Long ago, I decided the most hated word in the genealogist's lexicon was "unknown." After receiving a coveted—and long-awaited—death certificate, that was the last term I'd ever hope to see entered on the section requiring information on parents' names. But it happens. More than I'd like.
I've discovered there is a second item to add to that list of least-appreciated terms, only this time, it isn't a word. It's a set of initials: "d" and "k." For those very same questions—father's name, or mother's maiden name—those nasty little letters stand for the dreaded "don't know."
When those of us in the SLIG course I'm taking this week—In-Depth African American Genealogy—witnessed that inconvenient appearance in a death certificate we were examining, though, I suppose I should be grateful for the learning exercise it prompted. In the case of a former slave, what might have seemed like a research roadblock—those evil initials—turned out to provide a lesson in inferences drawn from a multitude of documents.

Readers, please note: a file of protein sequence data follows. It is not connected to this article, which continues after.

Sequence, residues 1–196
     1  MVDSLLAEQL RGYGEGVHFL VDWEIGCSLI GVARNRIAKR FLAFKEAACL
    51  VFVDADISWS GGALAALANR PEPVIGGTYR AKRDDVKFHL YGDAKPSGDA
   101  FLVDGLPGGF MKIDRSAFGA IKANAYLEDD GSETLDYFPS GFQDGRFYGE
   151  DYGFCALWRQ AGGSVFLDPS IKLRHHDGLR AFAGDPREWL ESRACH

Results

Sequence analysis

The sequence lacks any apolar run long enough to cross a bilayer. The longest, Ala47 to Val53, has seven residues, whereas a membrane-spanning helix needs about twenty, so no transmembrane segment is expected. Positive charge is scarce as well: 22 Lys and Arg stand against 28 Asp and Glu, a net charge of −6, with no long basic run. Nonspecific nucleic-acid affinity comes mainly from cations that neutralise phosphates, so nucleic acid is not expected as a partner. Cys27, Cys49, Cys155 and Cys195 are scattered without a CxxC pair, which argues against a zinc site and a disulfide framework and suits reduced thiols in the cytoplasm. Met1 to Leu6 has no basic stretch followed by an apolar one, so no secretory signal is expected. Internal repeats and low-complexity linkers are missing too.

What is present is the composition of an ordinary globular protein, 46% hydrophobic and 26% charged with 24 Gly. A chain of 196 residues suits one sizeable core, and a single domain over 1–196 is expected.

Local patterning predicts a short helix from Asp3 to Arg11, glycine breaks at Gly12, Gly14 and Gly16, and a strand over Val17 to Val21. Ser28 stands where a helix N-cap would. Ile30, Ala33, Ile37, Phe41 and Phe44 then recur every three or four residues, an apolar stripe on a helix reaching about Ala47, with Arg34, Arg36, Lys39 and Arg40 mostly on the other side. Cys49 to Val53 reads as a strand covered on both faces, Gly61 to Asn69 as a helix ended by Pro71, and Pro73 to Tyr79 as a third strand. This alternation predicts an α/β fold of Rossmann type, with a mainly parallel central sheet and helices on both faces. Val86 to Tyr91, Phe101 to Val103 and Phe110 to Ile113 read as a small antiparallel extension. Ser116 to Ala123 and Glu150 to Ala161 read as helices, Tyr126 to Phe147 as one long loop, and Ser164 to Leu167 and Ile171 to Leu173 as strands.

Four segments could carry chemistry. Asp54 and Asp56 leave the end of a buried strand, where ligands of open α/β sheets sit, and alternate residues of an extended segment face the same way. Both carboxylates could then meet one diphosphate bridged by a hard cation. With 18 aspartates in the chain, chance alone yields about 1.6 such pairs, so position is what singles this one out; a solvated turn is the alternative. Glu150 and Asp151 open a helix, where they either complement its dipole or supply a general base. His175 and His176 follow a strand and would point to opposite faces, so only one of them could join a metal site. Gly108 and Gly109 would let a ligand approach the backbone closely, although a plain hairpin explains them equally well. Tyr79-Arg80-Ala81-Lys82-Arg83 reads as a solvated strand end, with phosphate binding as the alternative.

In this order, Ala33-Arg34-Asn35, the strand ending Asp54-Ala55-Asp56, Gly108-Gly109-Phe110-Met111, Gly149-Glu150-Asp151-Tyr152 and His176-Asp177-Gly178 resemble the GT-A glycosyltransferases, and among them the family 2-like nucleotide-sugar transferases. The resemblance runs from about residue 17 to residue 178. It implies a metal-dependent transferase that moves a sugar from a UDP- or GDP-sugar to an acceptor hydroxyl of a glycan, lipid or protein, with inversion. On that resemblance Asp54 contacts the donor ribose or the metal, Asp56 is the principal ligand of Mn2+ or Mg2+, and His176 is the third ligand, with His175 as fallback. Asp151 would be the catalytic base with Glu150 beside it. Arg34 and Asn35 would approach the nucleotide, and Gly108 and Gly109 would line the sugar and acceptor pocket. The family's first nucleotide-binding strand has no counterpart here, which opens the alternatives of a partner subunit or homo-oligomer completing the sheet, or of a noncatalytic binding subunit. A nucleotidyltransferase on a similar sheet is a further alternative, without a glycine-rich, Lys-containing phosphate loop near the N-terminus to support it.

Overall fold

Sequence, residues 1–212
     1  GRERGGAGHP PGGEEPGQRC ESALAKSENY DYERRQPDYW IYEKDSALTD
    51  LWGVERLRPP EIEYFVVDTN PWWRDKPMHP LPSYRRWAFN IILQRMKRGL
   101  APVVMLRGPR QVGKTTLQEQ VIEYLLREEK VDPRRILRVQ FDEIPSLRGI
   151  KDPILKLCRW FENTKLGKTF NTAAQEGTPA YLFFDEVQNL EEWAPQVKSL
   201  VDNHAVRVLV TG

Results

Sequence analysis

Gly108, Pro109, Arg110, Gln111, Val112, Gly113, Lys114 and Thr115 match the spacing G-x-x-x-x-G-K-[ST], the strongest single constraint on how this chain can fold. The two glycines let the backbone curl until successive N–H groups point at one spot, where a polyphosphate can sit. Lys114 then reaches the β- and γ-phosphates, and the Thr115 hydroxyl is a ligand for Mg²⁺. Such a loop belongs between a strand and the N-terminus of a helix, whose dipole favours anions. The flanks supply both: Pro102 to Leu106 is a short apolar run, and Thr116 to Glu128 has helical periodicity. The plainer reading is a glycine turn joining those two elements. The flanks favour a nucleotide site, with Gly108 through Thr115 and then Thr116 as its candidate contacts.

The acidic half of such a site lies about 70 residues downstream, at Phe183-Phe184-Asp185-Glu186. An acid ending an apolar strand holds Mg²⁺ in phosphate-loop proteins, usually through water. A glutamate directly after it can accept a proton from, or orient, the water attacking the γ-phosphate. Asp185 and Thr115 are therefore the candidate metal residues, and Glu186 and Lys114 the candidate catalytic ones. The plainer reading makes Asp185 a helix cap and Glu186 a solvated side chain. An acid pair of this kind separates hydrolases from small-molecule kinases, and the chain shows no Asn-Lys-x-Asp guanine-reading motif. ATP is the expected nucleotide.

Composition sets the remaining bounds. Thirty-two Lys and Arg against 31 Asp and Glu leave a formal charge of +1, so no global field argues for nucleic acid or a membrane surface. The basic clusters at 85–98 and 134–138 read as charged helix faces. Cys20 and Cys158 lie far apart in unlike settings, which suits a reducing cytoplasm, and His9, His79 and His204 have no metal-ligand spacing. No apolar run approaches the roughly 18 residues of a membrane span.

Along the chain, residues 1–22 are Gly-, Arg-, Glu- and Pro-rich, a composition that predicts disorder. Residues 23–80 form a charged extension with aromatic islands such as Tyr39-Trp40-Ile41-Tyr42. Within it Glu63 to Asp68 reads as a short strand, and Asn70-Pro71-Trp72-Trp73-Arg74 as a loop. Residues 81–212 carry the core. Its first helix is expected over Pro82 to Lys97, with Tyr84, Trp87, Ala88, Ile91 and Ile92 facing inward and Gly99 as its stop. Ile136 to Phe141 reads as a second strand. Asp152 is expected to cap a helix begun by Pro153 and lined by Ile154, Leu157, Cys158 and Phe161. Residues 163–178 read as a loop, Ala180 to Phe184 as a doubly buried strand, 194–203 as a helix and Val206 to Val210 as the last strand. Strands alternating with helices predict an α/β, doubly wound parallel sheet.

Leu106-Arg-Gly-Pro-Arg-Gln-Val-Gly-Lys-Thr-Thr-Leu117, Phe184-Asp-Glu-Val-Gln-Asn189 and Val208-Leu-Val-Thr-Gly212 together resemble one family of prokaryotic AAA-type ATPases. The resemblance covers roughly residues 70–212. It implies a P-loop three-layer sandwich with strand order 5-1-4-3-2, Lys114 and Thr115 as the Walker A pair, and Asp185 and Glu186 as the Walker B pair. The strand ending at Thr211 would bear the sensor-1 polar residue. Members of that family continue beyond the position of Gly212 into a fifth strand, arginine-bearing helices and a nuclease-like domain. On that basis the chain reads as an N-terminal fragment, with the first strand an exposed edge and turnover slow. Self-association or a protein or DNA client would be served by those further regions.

Long story short, it may indeed be possible to derive parents' names from uninformed reports. This is good news for me, as I am deep in the midst of trying to find the family roots for former slave King Stockton of Wellborn, Florida. I cannot wait to apply the useful information from my SLIG class to this search I've been struggling with, off and on, for the past two years.
Nothing, however, is ever easy. Before I could bring this information to light in King Stockton's situation, our region in northern California was hit with a wind storm, cutting off our power supply. While I may be typing this post using a computer keyboard, my effort is no less antiquated than Abraham Lincoln's fabled attempt to read his law books by the glimmer of the fire place. When my battery runs out—soon—I will have to pick up the tale with tomorrow's post. And hope by 7:00 a.m., power will be restored to the region so I won't miss any more valuable information in the morning's classes.